I noticed that on day 2 of our test run, the driver’s seat began to soften up a bit. With less than 200 miles on the odometer, the heated and ventilated 12 way adjustable power seat( driver and passenger) took on the firm yet comfortable support of a premium Italian loafer; It too grows on you. And then I discovered that the seats have 4 firmness settings, back and lumbar support as well as heating and cooling settings.

Take one of the finest executive office chairs on the planet, put 310 horsepower and 275 lb-ft torque under it. Now toss in the a full glass dash with touch screen capabilities and Bluetooth connect ability, That’s RLX. Sitting in stop and go traffic for 3 hours, I marveled at how much I didn't care. RLX had caught my attention, I felt like a kid in a candy store with a hundred bucks in my pocket.

If I could change one textural component of the RLX interior it would be to replace the f aux wood(high grade wood grain laminate) with the real thing. This car merits real wood accents. No big thing, perhaps there's an aftermarket kit available.

I would also like to see the lower interior door pillar trim replaced with a heavier laminate or a fabric covered metal or aluminium. The carpet, trunk liner and headliner is of superior quality in RLX; a true viewing pleasure. The center console (2 way) sliding glove box is massive. This is a very nicely crafted detail as is the lockable pass- through to the carpeted trunk.

Acura has done a commendable job of providing world class storage and cargo areas throughout RLX. While RLX is designed to carry 5, with the rear center armrest placed in the down position, the rear seating area takes on the ambiance and comfort of an Italian leather sofa. This 6’5” journalist found the headroom more than adequate(2 inches to spare) with superior leg and stretch room.

In the rear cabin one will find quality seat-back storage pockets and overhead aircraft style lighting for reading. For the rear seat passengers, adjustable heating and air conditioning is controlled from a center console. Scenic viewing is exceptional from the rear seating lounge and pull down shade curtains are provided for reducing heat and glare. A lockable access hatch to the trunk resides behind the center armrest when in the up position: a nice detail.

Our 2015 RLX came equipped with Acura’s heated smart steering wheel. My everyday driving wheel is leather trimmed and well worn. The initial hand feel of the heated grip is foreign. Time will tell how well this is accepted. With infinitely adjustable dual climate control, heated seats and rear heating control, I can’t imagine ever needing a heated steering wheel. But then again, I don’t reside in the snow-belt; perhaps it’s designed to dry wet gloves.

Note: The seat stitching, door trim, pillar to headliner interface and molded dash are of exceptional quality in RLX. In my opinion(Mercedes, Porsche and Volvo owner,) I find Acura RLX to meet or exceed German and Swedish interior quality and ergonomics standards. I won’t encroach on Infiniti and Lexus territory, I don’t have time to debate with their faithful owners.

The interior quiet of RLX is bordering on ire. While I didn't have a D.B. meter in hand, I did perform a test or two. With the Krell 14 speaker audio system set at its lowest setting, one can hear the stereo(clearly) over exterior traffic and road noise. With the stereo system off, one can hear himself think; it’s that quiet.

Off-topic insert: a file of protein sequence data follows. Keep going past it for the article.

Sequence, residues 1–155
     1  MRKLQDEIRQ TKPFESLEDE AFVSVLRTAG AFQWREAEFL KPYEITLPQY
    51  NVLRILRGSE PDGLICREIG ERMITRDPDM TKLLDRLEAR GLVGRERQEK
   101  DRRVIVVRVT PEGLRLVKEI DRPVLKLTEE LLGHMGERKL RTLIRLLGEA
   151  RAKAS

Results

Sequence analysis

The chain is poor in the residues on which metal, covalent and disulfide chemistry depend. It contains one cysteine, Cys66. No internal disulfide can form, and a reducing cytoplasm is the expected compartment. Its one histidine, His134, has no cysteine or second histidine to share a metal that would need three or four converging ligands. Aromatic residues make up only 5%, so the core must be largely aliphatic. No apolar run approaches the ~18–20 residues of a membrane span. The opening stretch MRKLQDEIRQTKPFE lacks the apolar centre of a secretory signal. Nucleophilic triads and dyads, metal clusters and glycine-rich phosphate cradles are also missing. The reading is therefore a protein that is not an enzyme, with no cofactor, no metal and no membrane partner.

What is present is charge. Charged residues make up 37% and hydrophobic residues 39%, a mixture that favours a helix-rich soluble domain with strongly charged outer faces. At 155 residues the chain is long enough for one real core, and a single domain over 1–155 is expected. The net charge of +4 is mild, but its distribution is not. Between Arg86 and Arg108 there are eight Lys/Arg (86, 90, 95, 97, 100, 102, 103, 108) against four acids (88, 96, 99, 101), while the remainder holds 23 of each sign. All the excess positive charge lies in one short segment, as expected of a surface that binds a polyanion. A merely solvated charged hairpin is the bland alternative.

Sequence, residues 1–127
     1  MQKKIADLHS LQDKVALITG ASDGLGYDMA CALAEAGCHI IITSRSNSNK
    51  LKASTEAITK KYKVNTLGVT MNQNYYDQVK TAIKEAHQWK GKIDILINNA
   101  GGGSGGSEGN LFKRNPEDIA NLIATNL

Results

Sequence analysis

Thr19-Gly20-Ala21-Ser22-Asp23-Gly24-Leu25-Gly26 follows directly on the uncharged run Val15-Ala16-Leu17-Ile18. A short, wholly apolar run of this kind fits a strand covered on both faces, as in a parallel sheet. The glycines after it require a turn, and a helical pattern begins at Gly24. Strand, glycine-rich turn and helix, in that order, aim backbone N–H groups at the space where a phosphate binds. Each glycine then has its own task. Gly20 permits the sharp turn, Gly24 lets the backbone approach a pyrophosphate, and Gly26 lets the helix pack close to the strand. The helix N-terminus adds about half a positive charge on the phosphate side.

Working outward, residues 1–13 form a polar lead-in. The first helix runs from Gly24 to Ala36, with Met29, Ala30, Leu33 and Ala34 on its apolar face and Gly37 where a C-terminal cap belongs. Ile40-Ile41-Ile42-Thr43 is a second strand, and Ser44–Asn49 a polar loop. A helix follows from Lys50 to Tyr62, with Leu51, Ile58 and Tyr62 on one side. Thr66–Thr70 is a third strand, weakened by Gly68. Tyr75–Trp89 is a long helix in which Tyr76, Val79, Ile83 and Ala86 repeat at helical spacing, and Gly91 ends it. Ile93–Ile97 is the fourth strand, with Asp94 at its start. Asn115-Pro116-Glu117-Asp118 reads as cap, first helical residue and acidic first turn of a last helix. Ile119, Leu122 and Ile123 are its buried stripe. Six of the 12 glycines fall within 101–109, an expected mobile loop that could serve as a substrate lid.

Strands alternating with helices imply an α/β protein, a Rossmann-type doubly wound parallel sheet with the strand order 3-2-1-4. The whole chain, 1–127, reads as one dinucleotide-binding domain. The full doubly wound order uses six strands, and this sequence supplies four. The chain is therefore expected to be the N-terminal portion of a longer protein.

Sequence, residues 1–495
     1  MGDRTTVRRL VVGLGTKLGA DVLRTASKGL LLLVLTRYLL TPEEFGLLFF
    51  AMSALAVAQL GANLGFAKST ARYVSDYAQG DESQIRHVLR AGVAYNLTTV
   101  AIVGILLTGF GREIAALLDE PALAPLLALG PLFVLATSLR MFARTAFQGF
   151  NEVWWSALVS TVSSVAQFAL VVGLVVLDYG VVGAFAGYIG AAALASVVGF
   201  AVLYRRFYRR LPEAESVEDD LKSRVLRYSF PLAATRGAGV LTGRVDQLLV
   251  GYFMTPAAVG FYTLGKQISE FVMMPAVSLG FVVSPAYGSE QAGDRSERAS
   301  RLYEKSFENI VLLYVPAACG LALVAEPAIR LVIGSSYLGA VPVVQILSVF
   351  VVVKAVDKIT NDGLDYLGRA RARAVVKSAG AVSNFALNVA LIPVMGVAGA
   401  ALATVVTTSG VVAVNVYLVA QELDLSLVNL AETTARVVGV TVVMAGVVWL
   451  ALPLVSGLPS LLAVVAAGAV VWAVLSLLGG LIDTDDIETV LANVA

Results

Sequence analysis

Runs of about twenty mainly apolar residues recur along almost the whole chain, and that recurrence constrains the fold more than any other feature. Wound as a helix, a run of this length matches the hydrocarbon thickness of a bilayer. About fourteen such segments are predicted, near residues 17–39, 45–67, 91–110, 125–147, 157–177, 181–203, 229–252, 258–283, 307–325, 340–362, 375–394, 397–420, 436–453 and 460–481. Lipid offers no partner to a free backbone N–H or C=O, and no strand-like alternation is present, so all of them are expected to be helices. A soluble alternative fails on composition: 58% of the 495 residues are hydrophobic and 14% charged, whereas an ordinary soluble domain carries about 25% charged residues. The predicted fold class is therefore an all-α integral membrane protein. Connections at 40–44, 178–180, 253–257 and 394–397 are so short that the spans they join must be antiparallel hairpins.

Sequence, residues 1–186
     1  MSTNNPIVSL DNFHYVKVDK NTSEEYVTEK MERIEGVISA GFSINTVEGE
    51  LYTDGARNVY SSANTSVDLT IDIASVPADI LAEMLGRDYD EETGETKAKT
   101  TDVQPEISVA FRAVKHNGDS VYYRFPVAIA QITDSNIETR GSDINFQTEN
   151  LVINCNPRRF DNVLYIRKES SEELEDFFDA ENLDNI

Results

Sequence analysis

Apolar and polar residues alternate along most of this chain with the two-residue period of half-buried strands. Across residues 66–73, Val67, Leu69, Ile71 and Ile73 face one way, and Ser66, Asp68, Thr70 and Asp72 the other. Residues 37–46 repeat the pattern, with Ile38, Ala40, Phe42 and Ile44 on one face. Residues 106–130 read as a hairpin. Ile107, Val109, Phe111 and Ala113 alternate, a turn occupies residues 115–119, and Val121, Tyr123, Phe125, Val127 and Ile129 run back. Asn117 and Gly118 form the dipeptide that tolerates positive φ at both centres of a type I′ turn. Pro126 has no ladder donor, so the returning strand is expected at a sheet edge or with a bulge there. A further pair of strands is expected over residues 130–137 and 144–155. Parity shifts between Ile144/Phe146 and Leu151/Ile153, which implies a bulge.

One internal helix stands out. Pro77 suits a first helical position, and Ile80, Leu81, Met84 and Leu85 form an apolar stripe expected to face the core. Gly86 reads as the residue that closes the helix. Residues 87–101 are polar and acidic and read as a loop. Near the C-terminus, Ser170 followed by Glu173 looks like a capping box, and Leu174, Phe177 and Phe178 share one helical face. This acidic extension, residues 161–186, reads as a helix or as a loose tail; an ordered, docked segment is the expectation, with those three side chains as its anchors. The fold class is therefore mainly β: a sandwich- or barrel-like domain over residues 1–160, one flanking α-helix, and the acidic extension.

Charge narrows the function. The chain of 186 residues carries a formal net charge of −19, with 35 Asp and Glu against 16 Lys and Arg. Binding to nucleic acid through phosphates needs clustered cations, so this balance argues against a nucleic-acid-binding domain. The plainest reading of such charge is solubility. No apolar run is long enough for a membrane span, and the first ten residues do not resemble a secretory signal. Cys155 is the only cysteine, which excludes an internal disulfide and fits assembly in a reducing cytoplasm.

Seriously, other than some very minor wind buffeting off of the driver side mirror, a muffled tire thump in a pothole, the RLX exterior road and environment generated noise deadening is world-class quiet. How does Acura do this? Read more about the cars features and specifications here.

Specially laminated glass, superior door seals, tire well, trunk carpet mat(road kill) and noise cancellation add up to one of the quietest cabin accommodations in the premium sport sedan class.

Visually pleasing Instrument cluster, dual monitors and the smartest steering wheel in the industry

Acura is all business when it comes to driver safety, performance and personal communications connectivity. The RLX dash is reminiscent of a Honda Jet cockpit. While that may be a bit of an overstatement, prepare to pull out and study your owner’s manual for a few hours, you’ll need it.

On Friday we’ll dive into the performance and technical side of RLX.


Dan (not verified)    November 25, 2014 - 7:24PM

I have to say that I agree with your assessment of the RLX. In my 40+ years of driving, I've owned everything from Alfa Romeo to Plymouth. My last car was a '04 TL and I like my Acura dealer so when I needed a car in May, I ended up with a black on black RLX Advance. Since there have been some so-so reviews and Consumer Reports didn't recommend the car, I got a pretty good discount on the car. I ended up getting a price reduction of about $13k from MSRP. I think others have done better, but the area I live in (DC metropolitan area) doesn't seem to have really good deals available compared to some other parts of the country. The TLX wasn't out yet, but the price I paid wasn't much more than I could get a TLX Advance for now. I have to say that I love this car and don't regret my decision to buy one. The acceleration, ride and handling suit me very well and the torque steer seems pretty much nonexistent to me, especially compared to my old TL, which I really liked also. I love the Krell stereo. I didn't think the sound system would matter to me, but now I notice the flaws in other systems. I've driven the car about 5K miles and haven't had any issues. Fit and finish are excellent. The DC area is noted for its traffic jams but I really don't mind them as much now.